Three problems with yesterday’s Christmas at the Movies programme. Firstly, don’t assume that a score, written for film, will automatically hold up as a concert piece; secondly, that a conductor skilled at laying down studio soundtracks will necessarily make a symphony orchestra work its magic live; and thirdly, don’t mistake an orchestrator for an arranger.
BBC SSO: Christmas at the Movies - City Halls, Glasgow
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The common element was Matt Dunkley. He’s been highly successful as an orchestrator working with Craig Armstrong in such well-known films as Love Actually and The Great Gatsby, the last of these scores currently up for a Grammy.
But brought in to conduct extracts from these, and from the likes of John Williams (Home Alone), Lerner and Loewe (Brigadoon), James Horner (Braveheart), as well as Dunkley’s own Christmas Film Fantasy medley, pinpointed more his weaknesses than strengths.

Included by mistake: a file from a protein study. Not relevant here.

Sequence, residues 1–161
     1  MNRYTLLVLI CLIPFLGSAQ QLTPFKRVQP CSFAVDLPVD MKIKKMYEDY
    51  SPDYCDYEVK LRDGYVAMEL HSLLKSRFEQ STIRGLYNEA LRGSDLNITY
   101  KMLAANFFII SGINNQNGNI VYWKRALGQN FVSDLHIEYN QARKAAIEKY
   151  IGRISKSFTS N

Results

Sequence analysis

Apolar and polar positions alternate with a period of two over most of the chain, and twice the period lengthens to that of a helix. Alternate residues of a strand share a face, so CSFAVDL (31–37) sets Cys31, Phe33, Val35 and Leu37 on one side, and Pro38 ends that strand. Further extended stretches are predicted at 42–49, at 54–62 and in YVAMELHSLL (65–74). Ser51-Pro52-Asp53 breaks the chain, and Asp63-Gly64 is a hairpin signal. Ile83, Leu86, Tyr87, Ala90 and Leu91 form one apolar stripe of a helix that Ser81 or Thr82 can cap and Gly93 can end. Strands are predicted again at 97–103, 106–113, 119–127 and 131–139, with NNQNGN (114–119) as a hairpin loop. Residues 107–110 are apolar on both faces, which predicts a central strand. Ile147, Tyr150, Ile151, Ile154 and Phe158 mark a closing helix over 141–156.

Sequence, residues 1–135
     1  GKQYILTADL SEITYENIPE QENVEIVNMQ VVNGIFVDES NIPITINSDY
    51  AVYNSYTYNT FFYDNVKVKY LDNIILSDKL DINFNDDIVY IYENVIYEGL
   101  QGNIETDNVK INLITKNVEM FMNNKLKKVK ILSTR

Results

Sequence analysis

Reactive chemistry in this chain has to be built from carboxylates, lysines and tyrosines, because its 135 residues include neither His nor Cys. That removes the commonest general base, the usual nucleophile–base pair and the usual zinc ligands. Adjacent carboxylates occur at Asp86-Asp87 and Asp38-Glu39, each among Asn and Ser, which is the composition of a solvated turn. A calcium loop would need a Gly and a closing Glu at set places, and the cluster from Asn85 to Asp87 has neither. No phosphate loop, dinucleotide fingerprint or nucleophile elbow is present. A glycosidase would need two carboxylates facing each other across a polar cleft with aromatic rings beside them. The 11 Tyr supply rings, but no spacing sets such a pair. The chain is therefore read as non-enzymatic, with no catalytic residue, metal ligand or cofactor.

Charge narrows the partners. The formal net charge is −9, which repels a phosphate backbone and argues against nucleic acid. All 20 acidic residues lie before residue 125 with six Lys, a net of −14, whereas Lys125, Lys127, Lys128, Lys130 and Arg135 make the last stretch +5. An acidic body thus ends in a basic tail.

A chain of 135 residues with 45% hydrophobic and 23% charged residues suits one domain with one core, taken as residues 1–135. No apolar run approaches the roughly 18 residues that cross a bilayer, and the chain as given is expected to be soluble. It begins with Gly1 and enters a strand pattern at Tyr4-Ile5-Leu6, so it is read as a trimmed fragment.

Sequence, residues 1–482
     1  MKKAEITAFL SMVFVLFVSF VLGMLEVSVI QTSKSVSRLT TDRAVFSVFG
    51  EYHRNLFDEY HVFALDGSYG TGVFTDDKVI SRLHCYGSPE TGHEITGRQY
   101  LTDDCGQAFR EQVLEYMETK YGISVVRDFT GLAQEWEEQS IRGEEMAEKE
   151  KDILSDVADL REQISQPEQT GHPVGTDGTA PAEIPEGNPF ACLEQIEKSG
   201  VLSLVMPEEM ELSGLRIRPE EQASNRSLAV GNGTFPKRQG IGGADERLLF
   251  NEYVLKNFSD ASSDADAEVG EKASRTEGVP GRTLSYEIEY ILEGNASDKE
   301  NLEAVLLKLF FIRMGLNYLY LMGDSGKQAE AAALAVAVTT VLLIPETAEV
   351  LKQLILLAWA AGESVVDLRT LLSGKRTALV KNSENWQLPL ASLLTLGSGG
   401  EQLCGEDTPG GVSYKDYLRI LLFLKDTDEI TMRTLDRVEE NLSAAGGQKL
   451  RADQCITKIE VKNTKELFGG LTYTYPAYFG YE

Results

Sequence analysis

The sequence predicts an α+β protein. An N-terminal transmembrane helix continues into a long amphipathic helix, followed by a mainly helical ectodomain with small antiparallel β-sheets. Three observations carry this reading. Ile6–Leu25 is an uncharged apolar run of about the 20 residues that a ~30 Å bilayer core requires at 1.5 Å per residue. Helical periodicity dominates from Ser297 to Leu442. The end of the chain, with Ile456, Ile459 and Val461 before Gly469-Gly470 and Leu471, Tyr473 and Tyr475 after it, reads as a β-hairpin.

It was the strangest thing – everything seemed to come out at the same tempo. There was no heart-tugging ebb and flow to such classics as Tiomkin’s succulent music for It’s a Wonderful Life, or indeed Dunkley’s own reworking of Tchaikovsky for The Black Swan; Patrick Doyle’s music for Harry Potter and the Goblet of Fire seemed banal and rudimentary excised from the film; the minimalist oomph was nonexistent in the Gatsby car race; and that final Christmas medley - with presenter Jamie Macdougall singing manfully – was a quick fire mishmash with uneventful transitions and awkward harmonies.
Thank goodness for Leroy Anderson’s Sleigh Ride. Nothing to do with the movies, but an encore that had the SSO buzzing.